Rich and buttery Swiss bread provides a beautiful and delicious centerpiece for brunch.
My bread-baking goal upon moving to Mongolia was to bake all of my favorite breads without the aid of my trusty Zojirushi bread machine that I relied on heavily in Alaska. The tiny house we will eventually live in will not have room for such an extravagant machine, so it was time to wean myself off of this terrific invention. In Alaska, I enjoyed throwing all my ingredients into a machine, going for a walk and coming back to beautiful finished doughs ready to shape and bake. These days, I’m finding that I really enjoy the process of manually bringing all the individual ingredients together to form delicious and beautiful breads. There is something satisfying about kneading dough and knowing, by touch, if it needs more of something.
The final bread on the list from my Alaska days to make from scratch was züpfe. I was introduced to this braided Swiss bread when I was young. I loved it. It could have been because of its soft, almost creamy texture or the lovely Swiss braids. I would eat as much of it as I was allowed. As an adult, I still love the flavor and the texture. The braids are fun to create and give an impressive finish. Bring this bread to your next dinner party instead of the traditional bottle-of-wine and see what happens.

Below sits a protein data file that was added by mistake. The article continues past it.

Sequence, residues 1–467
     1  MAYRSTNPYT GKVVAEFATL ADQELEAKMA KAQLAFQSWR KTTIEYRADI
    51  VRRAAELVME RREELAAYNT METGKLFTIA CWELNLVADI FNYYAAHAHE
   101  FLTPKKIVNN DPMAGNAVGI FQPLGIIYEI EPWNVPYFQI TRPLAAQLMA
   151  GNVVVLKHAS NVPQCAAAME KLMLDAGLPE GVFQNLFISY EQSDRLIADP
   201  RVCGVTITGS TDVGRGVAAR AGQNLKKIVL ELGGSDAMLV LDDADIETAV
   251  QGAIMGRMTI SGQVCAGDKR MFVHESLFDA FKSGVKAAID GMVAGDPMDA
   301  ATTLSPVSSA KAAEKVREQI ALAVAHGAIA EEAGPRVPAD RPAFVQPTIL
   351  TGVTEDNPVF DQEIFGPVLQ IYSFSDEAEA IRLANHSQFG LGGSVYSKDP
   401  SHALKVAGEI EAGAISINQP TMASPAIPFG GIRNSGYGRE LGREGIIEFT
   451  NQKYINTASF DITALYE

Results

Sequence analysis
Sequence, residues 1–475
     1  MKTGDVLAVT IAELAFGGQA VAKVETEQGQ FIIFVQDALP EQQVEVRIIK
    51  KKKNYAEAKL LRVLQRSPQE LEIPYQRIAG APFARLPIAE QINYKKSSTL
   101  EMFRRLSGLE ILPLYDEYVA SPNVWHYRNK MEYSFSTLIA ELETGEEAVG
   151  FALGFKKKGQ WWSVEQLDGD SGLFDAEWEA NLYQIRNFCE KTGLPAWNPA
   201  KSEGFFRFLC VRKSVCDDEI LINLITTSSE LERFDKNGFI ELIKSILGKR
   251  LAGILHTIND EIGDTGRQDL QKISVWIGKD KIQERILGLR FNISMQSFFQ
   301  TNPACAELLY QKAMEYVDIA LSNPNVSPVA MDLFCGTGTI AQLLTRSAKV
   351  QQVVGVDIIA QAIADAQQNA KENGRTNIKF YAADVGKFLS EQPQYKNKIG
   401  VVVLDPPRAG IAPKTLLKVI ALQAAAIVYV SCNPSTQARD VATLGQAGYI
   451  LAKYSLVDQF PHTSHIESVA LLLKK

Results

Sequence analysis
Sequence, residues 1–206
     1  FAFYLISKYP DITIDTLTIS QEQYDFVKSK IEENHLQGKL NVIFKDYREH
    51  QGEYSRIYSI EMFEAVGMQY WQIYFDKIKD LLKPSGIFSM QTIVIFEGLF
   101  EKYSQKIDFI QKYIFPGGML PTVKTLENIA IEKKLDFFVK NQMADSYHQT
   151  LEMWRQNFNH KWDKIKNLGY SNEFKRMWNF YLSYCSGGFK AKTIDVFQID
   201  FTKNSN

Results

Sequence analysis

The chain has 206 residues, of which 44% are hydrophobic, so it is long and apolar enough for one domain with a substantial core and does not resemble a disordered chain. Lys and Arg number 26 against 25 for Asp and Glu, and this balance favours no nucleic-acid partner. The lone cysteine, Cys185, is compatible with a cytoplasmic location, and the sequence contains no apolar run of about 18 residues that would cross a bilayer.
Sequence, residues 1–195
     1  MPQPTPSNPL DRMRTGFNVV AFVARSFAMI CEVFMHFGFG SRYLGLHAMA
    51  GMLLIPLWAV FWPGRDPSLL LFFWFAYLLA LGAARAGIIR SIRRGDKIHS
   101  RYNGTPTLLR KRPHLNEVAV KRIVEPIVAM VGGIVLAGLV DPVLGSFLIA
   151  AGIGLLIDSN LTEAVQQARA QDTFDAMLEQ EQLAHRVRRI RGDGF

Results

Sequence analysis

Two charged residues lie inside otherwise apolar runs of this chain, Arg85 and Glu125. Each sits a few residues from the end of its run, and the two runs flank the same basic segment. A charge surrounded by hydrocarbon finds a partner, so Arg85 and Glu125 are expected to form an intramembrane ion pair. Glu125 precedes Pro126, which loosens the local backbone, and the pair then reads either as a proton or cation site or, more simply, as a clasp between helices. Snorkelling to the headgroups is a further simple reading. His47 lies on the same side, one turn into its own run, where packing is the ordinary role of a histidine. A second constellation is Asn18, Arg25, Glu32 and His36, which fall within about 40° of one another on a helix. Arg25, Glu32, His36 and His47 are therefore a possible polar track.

2 1/4 tsp active dry yeast
1 1/3 cups warm milk (105F/41C)
1 egg yolk
2 tablespoons butter, melted
3 1/2 cups bread flour
1 tsp salt
1 egg white
1 tablespoon water
In a large bowl, dissolve yeast in warm milk. Let stand until creamy, about 10 minutes.
Add the egg yolk, butter, 2 cups of bread flour and salt. Stir well to combine.
Stir in the remaining flour, 1/2 cup at a time, mixing well after each addition.
When the dough has pulled together, turn it out onto a lightly floured surface and knead until smooth and elastic, about 8 minutes.
Divide the dough into 3 equal pieces and roll each piece into about a 14-inch long log. Braid the pieces together and place on a parchment-covered baking sheet. Pinch the ends of the braids well so they don’t come undone.
Cover with a damp cloth and let rise until doubled in size, about 1 hour.
Preheat oven to 425 degrees F (220 degrees C).
In a small bowl, beat together egg white and water. Brush risen loaf with egg wash and bake in preheated oven for 20 to 25 minutes, until golden brown.
Braided bread topped with anything you’d like! We topped ours with smoked sea salt, sesame seeds, caraway seeds, poppy seeds, and dried minced onion.